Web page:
Camembert is probably a more natural fit, but I had some very respectable raw milk farmhouse-style cheddar from a Washington dairy farm snagged at last weekend's cheese festival. I was eating some pieces of the cheddar when a craving for umeboshi struck, and ate at least one pitted umeboshi on top of a cube of cheese, and it occurred to me: this needs to be grilled.
Where do such crazy ideas come from? Perhaps I owe the initial thought to some "yaki ume" I tasted at the Wakayama specialty shop in to Yūrakuchō... As far as I understood it, those premium umeboshi were at some point briefly cooked over charcoal, though the taste was barely noticeable, if present at all. I settled for some nice $16 umeboshi instead of the more than twice as extravagant "grilled" ones.
How do you make them?
Start by carefully pitting the umeboshi, taking care to pierce only one side; I suppose an olive or cherry pitter might work on some types of umeboshi. Medium-firm umeboshi probably work best; mine were already incredibly soft and I ruined a few while stuffing them.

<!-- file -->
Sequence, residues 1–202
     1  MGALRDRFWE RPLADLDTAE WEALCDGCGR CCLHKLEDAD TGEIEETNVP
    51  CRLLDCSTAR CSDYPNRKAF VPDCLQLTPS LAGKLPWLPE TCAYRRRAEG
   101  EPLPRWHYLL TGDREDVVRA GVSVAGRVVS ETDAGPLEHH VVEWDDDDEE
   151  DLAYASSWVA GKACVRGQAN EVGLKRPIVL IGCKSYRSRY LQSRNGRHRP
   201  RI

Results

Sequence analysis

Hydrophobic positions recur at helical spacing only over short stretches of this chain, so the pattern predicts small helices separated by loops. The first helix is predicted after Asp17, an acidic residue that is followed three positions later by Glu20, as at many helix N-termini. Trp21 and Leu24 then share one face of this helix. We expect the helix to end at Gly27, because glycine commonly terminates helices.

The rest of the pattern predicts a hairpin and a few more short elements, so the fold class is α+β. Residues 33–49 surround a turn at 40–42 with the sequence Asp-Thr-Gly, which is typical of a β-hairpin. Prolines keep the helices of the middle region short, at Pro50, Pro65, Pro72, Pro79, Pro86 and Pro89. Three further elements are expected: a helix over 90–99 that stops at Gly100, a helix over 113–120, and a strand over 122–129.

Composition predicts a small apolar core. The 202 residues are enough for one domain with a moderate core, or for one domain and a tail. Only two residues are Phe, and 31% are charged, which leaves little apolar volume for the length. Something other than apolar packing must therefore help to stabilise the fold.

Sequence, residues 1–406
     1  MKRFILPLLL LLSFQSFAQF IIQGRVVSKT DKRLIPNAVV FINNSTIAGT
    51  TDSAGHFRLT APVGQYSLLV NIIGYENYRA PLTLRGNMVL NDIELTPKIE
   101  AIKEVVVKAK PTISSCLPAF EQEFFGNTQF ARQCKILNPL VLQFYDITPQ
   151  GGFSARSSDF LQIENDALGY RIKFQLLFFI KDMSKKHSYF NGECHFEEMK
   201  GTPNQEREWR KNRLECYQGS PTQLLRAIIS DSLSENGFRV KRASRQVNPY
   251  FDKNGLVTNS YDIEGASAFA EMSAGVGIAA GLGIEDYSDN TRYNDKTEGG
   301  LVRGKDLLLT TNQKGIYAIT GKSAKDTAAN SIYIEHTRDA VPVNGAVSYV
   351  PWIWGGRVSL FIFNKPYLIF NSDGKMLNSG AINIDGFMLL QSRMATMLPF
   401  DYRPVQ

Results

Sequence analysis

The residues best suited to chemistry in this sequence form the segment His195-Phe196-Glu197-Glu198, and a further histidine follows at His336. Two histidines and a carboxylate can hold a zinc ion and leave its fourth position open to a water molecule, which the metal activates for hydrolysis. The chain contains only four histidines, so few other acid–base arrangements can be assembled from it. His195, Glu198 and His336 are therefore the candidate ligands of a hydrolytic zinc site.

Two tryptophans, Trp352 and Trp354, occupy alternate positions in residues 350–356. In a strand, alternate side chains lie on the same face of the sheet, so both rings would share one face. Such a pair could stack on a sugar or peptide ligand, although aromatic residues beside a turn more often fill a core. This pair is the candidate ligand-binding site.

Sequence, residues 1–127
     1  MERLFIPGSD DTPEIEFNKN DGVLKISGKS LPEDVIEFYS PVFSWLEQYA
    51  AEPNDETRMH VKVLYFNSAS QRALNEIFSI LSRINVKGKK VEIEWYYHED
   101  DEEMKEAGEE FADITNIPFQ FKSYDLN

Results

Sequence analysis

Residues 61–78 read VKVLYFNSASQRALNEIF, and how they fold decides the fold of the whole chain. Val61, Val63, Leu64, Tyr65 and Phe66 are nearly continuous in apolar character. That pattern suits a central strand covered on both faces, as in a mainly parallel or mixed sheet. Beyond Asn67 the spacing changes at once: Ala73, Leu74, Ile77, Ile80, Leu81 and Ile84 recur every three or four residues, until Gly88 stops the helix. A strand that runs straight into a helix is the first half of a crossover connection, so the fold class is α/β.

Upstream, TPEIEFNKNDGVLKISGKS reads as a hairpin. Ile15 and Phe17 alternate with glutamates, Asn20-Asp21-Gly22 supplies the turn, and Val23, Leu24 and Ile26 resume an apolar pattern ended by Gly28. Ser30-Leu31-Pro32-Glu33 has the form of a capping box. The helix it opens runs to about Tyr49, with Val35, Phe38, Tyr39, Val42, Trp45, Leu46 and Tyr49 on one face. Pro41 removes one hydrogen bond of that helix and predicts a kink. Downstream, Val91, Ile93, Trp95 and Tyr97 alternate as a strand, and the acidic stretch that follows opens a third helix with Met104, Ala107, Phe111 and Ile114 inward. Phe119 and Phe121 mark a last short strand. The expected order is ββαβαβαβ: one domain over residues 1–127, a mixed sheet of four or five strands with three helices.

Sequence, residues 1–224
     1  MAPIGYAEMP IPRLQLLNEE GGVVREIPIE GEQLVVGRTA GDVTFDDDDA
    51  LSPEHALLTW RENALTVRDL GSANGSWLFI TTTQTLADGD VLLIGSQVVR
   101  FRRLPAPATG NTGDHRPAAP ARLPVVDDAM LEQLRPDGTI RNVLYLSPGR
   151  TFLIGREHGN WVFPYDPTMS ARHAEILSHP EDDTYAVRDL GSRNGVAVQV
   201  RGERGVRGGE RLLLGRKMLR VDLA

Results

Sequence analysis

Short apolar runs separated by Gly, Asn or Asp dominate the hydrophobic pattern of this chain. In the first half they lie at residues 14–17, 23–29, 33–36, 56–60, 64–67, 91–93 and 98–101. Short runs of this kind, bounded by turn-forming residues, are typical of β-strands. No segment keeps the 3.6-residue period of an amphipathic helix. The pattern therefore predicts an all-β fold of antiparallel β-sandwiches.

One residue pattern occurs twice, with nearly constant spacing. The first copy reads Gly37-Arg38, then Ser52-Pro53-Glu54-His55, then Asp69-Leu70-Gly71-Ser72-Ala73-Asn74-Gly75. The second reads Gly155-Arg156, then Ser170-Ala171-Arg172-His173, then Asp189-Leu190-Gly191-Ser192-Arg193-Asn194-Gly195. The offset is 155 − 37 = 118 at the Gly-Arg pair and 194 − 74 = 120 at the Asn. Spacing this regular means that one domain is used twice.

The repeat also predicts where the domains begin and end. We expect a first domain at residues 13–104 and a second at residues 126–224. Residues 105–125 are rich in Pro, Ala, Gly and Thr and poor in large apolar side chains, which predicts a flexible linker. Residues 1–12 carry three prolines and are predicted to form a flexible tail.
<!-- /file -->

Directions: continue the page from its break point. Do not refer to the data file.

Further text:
I did the pitting by hand; I could feel the sharp side of the pit through the skin of the umeboshi, and squeezed the pit out through that pointy side.
Gently insert a small cube of cheese into the umeboshi. Carefully thread the stuffed umeboshi one-by-one onto the skewer.
Ideally, you should grill them over a shichirin grill, but I cheated and used my little gas konro, which I usually use for nabe; I fitted it with a little protective grating to keep the umeboshi from falling into the flame and disintegrating.
No need to use your best umeboshi on this, but please use umeboshi with a short ingredient list: Ideally, ume, salt, shiso, maybe shochu for initial curing. Use a creamy, rather than salty cheese.
Plate, then gently brush with a little olive oil.
Like umeboshi, they're tart. Like cheese, they're creamy. Like anything salty, they would go great with a little shochu, though on this occasion, they served as a little afternoon snack and I remained a teetotaler.
They're a little tricky to pull off, but worth it.